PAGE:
Randomized, controlled clinical trials have largely shown that lorazepam and diazepam are comparable in effectiveness for treating anxiety. One double-blind clinical trial comparing lorazepam and diazepam in 134 anxious patients over four weeks found that both drugs were more effective than placebo. However, lorazepam was found to be more effective in patients who had worse symptoms initially. Sedation was reported to be a more significant side effect in the group taking lorazepam.

In a network meta-analysis, midazolam, lorazepam, and diazepam were compared for treating status epilepticus, a severe prolonged seizure, in children. Data compiled from 16 different clinical trials found that midazolam and lorazepam were more effective than diazepam.

This comparison is for general informational purposes. Seek medical advice from a doctor or healthcare provider before using a benzodiazepine. Your healthcare provider will conduct a thorough medical evaluation to determine the severity of your condition and to rule out other possible mental health conditions.

Coverage and cost comparison of lorazepam vs. diazepam

Generic lorazepam is generally covered by most Medicare and insurance plans. Without insurance, the average cash price can be $25 for 30, 0.5 mg tablets. A SingleCare lorazepam coupon could bring the cost down to about $9.

Try the SingleCare prescription discount card

Like other generic drugs, diazepam is often covered by Medicare and insurance plans. The average cash price of generic diazepam is approximately $24 for 30, 0.5 mg tablets. Compared to lorazepam, diazepam may be slightly cheaper depending on your pharmacy. Using a SingleCare diazepam coupon could lower the cost to $7 at participating pharmacies.

  Lorazepam Diazepam
Typically covered by insurance? Yes Yes
Typically covered by Medicare Part D? Yes Yes
Standard dosage 2 to 6 mg 2 to 3 times per day 2 to 10 mg by mouth 2 to 4 times per day
Typical Medicare copay $0–$25 $0–$12
SingleCare cost $8+ $6+

Common side effects of lorazepam vs. diazepam

Lorazepam and diazepam, like other benzodiazepines, primarily cause side effects in the central nervous system (CNS). The most common side effects of lorazepam, or Ativan, are sedation, dizziness, weakness, and unsteadiness, or loss of coordination. The most common side effects of diazepam, or Valium, are drowsiness, fatigue, muscle weakness, and loss of coordination.

Other possible side effects may include memory problems. The occurrence of side effects is usually dependent on the dosage of the medication taken. More serious side effects are reported with high doses of benzodiazepines. Serious side effects, including respiratory depression, or shallow breathing, could indicate a medical emergency.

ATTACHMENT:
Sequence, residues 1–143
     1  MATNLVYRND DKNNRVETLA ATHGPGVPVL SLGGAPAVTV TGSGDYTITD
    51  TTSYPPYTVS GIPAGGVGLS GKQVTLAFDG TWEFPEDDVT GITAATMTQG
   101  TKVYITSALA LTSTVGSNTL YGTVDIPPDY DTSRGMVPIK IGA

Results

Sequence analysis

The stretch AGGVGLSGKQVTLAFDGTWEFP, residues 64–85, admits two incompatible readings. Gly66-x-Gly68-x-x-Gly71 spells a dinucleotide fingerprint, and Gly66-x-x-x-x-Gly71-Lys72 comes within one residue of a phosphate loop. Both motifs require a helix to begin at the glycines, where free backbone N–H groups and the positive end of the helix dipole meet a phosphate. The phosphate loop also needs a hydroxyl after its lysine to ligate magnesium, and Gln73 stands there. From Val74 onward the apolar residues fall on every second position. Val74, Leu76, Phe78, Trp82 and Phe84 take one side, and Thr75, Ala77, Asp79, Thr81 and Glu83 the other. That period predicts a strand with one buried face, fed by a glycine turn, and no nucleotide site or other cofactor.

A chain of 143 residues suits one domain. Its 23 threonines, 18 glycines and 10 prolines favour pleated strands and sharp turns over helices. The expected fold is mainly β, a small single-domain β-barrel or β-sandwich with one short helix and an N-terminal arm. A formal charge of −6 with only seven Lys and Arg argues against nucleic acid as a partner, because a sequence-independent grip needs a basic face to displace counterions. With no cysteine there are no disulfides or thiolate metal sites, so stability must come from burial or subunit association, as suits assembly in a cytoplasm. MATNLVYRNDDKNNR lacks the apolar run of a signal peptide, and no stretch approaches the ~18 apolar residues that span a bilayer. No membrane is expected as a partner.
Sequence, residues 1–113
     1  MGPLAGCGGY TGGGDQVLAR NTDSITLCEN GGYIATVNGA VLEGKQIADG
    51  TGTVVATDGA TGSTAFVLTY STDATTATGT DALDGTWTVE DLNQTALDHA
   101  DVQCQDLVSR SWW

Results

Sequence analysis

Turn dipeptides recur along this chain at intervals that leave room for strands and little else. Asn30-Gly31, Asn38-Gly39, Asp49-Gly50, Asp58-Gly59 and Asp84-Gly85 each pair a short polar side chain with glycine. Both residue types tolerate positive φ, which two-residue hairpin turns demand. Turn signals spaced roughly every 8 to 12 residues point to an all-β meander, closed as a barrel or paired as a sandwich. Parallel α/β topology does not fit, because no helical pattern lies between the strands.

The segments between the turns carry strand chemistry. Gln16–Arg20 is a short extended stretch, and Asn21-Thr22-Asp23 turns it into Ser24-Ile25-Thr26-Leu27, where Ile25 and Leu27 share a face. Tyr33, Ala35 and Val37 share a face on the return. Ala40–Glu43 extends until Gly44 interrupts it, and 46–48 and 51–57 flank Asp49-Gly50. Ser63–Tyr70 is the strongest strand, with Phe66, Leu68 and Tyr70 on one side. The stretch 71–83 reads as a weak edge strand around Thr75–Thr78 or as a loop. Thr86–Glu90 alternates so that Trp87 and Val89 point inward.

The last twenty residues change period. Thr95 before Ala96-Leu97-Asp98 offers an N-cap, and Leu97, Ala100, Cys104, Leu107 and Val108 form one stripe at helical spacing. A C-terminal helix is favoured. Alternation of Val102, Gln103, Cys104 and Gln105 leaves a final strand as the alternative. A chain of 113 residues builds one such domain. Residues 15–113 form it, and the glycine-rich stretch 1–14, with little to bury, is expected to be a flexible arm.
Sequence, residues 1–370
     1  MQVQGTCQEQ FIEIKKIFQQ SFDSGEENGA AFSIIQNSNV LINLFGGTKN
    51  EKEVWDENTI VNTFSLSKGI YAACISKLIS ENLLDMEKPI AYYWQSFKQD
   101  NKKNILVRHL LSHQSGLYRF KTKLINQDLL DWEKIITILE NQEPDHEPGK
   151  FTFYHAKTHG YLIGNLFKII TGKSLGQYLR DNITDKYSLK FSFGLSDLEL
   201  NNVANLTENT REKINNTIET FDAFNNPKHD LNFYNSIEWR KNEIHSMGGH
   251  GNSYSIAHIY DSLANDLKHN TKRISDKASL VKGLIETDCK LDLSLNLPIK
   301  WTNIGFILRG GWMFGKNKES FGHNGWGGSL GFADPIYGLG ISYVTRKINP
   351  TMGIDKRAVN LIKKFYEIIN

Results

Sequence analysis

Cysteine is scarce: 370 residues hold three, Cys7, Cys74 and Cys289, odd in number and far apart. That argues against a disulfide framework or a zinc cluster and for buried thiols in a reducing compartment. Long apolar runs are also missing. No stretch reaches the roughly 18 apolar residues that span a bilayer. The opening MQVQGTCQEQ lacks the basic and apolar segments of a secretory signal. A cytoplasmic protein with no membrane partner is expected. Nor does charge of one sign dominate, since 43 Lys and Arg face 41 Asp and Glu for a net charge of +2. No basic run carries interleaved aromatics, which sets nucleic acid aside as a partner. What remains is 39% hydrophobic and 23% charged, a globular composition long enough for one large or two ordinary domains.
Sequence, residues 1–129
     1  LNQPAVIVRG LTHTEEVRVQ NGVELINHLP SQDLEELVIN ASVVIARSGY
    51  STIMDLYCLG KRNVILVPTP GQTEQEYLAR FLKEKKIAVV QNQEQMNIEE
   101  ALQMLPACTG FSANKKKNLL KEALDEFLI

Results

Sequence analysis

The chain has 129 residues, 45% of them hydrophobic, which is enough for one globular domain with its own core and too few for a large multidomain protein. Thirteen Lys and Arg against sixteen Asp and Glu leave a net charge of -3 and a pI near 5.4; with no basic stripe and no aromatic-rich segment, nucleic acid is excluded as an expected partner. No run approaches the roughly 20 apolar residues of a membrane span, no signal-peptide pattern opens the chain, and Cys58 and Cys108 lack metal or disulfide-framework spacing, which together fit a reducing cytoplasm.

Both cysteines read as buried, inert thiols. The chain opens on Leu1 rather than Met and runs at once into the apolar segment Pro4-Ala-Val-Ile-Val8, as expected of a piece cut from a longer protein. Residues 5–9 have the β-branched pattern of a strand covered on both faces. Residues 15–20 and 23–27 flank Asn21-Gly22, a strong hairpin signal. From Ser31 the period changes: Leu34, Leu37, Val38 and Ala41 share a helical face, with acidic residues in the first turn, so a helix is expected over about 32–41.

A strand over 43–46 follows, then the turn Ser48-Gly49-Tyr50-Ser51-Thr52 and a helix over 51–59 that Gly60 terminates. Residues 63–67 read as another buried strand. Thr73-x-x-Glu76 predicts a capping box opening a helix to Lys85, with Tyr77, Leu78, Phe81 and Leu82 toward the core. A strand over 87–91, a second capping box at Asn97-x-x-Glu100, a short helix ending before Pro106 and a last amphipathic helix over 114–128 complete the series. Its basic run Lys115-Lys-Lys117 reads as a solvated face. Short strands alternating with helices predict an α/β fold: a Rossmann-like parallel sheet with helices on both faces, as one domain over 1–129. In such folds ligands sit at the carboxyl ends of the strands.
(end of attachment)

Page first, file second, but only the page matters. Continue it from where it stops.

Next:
Lorazepam Diazepam
Side effect Applicable? Frequency Applicable? Frequency
Sedation Yes 16% Yes *
Drowsiness Yes * Yes *
Fatigue Yes * Yes *
Dizziness Yes 7% Yes *
Weakness Yes 4% Yes *
Impaired coordination Yes 3% Yes *
Memory problems Yes * Yes *

*not reported
Frequency is not based on data from a head-to-head trial. This may not be a complete list of adverse effects that can occur. Please refer to your doctor or healthcare provider to learn more.
Source: DailyMed (Lorazepam), DailyMed (Diazepam)

Drug interactions of lorazepam vs. diazepam

Lorazepam and diazepam primarily interact with other drugs that affect the central nervous system (CNS). Taking these benzodiazepines with drugs like opioids, barbiturates, antipsychotics, antidepressants, and anticonvulsants can lead to increased CNS-depressant effects, such as dizziness, confusion, and drowsiness. The antigout medication probenecid can affect the metabolism of benzodiazepines and lead to increased side effects.

The use of theophylline or aminophylline can counteract the sedative effects of benzodiazepines. Tell your doctor if you take either of these drugs before starting a benzodiazepine.

Diazepam is processed by certain P450 enzymes whereas lorazepam is not. Some drugs can block these enzymes, which affects how well diazepam is processed in the body. This may result in increased sedative side effects of diazepam. Drugs like ketoconazole, cimetidine, and omeprazole can interact with diazepam and lead to increased sedation.

Antacids like calcium carbonate and magnesium hydroxide can decrease the absorption of diazepam in the body. This effect may alter how well diazepam works.

Drug Drug class Lorazepam Diazepam
Opioid Yes Yes
Barbiturate Yes Yes
Antipsychotic Yes Yes
Antidepressant Yes Yes